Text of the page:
At long last, Canada will allow U.S. citizens and permanent residents to enter Canada for non-essential purposes beginning August 9. The U.S., which had earlier appeared willing to open its border as early as June 22, extended its closure order until at least August 21, 518 days since the border was first closed.
As usual, the announcement left many people scratching their heads wondering how it would affect them personally. Travelers entering Canada for non-essential travel will need to be fully vaccinated with one of Canada’s approved vaccines, present a negative molecular Covid-19 test result taken within 72 hours of their arrival and have proof of vaccination uploaded to the ArriveCan app. They may or may not be asked to take another test at the border. They will also need to present a quarantine plan and be prepared to quarantine should they not satisfy all of the conditions required to be exempt.
What isn’t clear is, how does this apply to U.S. residents who are merely seeking to enter Canada for a day trip? And, up to now, U.S. residents who lived on the mainland and wanted to transit Canada to come to Point Roberts were denied entry unless they satisfied a vague and seemingly subjective description of essential travel. Presumably, they will need to satisfy Canadian requirements for both legs of their travel to and from Point Roberts. Under these conditions, it will be unrealistic to expect a significant increase in visits to the Point by non-residents.
If they thought their workaround would be to take the ferry from Bellingham to the Point, another think is in order. The Port of Bellingham issued a press release at 1:57 p.m. today, July 22, saying the service would be shut down after its last sailing on August 12. In a July 21 email, the All Point Bulletin asked port executive director Rob Fix if the port had any knowledge of how the Canadian border authorities (CBSA) were going to regulate traffic to and from Point Roberts, both by Point residents and those from the mainland.
Fix was asked if CBSA will “allow travelers who don’t live in Point Roberts to transit through Canada for non-essential reasons? Will these travelers be allowed to transit without fulfilling the same conditions mentioned above? … Does the port know how CBSA intends to deal with Point Roberts residents who wish to go into B.C. for non-essential reasons? Will they be required to satisfy the requirements? If so, travel into B.C. by Point residents would remain highly restricted and limited in scope.”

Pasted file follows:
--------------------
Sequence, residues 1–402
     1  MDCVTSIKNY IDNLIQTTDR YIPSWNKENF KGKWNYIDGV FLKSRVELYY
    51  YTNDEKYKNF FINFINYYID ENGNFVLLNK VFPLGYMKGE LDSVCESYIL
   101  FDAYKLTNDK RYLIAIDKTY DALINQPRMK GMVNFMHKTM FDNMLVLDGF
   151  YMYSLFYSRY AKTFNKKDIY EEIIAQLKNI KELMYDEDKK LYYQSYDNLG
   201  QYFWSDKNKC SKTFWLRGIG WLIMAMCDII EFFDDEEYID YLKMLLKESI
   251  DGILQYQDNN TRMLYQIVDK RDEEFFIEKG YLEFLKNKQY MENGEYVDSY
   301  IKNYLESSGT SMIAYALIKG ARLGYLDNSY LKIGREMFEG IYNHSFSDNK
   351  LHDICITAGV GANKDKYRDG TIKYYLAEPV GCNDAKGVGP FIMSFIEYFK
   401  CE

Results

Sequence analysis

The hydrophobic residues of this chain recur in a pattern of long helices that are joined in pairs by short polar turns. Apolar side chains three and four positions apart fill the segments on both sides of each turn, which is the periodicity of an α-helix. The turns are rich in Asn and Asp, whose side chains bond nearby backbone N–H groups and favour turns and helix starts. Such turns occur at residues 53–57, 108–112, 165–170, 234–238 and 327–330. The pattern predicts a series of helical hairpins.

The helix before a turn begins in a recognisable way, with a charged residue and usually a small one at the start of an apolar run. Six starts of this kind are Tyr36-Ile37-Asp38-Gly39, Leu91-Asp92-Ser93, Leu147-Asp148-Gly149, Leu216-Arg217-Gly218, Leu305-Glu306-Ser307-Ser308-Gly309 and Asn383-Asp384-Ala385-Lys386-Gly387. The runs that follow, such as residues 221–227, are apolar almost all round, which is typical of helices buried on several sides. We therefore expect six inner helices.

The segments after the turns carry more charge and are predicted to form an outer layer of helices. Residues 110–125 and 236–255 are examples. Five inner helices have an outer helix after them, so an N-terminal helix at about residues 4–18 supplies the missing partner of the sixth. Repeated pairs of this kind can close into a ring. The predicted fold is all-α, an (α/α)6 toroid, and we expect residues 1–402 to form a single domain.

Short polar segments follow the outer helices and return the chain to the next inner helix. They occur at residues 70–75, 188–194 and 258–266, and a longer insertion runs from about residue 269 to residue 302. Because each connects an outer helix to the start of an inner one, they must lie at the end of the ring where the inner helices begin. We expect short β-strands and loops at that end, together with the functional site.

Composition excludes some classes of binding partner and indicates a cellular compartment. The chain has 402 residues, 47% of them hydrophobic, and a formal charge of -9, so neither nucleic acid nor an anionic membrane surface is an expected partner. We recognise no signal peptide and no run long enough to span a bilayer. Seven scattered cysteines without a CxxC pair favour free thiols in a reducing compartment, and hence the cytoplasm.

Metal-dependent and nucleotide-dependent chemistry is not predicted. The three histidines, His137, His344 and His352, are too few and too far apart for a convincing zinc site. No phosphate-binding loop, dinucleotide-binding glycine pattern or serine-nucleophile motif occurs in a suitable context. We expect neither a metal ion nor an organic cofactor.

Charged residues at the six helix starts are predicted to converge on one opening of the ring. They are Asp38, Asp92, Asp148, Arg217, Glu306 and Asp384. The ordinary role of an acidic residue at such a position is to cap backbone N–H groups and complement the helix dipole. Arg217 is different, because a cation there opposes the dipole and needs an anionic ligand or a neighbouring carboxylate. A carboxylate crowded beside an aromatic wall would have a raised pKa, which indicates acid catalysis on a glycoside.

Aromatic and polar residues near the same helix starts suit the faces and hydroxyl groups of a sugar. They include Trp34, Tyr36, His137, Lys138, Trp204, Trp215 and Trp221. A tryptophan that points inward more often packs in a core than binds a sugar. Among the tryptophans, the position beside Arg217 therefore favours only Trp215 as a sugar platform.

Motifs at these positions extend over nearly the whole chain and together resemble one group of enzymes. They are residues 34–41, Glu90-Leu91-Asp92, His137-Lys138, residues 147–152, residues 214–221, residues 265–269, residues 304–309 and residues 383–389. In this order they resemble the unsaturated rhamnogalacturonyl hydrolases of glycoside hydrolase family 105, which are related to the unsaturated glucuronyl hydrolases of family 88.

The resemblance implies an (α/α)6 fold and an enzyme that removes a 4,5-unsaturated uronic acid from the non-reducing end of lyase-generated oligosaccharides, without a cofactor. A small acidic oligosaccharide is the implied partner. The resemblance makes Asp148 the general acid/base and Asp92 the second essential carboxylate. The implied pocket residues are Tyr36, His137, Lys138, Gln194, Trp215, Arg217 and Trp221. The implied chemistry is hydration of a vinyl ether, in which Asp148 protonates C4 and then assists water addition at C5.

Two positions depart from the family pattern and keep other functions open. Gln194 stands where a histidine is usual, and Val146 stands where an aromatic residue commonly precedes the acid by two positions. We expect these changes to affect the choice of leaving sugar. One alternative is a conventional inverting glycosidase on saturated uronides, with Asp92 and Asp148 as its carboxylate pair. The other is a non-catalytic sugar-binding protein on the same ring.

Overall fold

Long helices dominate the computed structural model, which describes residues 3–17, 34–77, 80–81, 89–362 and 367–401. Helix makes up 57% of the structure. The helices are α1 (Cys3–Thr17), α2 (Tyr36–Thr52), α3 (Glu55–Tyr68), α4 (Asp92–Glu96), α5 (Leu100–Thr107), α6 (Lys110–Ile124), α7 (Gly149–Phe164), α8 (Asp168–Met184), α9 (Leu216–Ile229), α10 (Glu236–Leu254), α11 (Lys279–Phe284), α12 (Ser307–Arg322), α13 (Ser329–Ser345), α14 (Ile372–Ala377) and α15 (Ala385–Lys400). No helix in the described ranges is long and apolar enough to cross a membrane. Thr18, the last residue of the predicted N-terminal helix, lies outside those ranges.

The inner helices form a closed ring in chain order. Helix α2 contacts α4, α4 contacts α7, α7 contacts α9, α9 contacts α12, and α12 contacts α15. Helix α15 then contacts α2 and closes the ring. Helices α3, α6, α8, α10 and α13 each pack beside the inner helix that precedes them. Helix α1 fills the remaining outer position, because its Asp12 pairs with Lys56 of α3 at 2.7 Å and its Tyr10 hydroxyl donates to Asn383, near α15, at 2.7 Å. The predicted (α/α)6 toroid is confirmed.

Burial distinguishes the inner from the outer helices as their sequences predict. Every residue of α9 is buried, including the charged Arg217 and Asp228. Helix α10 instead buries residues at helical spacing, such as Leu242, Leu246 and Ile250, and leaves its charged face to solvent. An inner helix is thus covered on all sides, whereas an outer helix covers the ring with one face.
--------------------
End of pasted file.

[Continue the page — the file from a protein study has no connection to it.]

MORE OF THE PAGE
The email concluded by suggesting that Point Roberts residents would be “curious to know the basis of the Port’s decision to cancel the ferry service before the border was fully opened.” No reply has been received by press time.
The failure of the U.S. federal government to at least match the Canadian’s decision to allow fully vaccinated residents to enter the country was met with widespread criticism by politicians and citizens alike. In a statement issued yesterday, Governor Jay Inslee said, “I am extremely disappointed by the federal government’s announcement today that the U.S. border with Canada will remain closed through at least August 21. This continued closure will result in continued hardship for Washingtonians living in border communities, including in Point Roberts.
“As I have expressed repeatedly in communications with the State Department and the Department of Homeland Security, the time has come to at least partially reopen the U.S.-Canada border, and I will continue to advocate for relief for border communities in Washington state.”
Congresswoman Suzan DelBene was scathing in her reaction:
“I am deeply disappointed in the Biden administration’s decision to unilaterally extend the Canada-U.S. border closure another month. This action is short-sighted and devastating to our border communities. Businesses and families in Whatcom County, particularly in Point Roberts, were praying this was the month the border would reopen. Continuing the border closure all but ensures more businesses will close and more livelihoods will be destroyed along the border.
“Right now, Canadians can fly from Vancouver to Seattle but residents in the border town of White Rock cannot drive the short distance south across the border to Blaine. Instead of helping them build back better, we’re putting our border communities at a significant disadvantage. Canada on the other hand is showing leadership by announcing it will begin easing border restrictions for fully vaccinated Americans traveling north on August 9 and providing firm benchmarks and metrics behind their decision.
It’s time for the U.S. to reopen the Canada-U.S. border,” DelBene concluded.
The partial re-opening of the Canadian border may face some headwinds from a strike vote currently underway by the union representing over 8,500 CBSA officers. The officers have been without a contract since mid-2018 and the natives are getting restless. If over 50 percent vote in favor of strike action, they could begin to create chaos at the border by early next month. Customs and Immigration Union national president Mark Weber was quoted by the CBC as saying, “Potentially, it could slow things down. We're not doing it with any kind of joy because we really want the borders to run smoothly. We've been working so hard for a year and a half to keep them running smoothly under probably the most difficult circumstances any of us have ever encountered.”
Officers wouldn’t need to actually walk off the job to bring traffic to a crawl. A typical union move is “work to rule” whereby workers follow procedures exactly as written. Bought a tank of gas while in the States? Go in and pay duty.
In other Covid-19 news, Point Roberts fire chief Christopher Carleton announced that Covid testing would now take place on Wednesdays as well as Sundays thereby opening up the number of days that residents would then be eligible to enter Canada.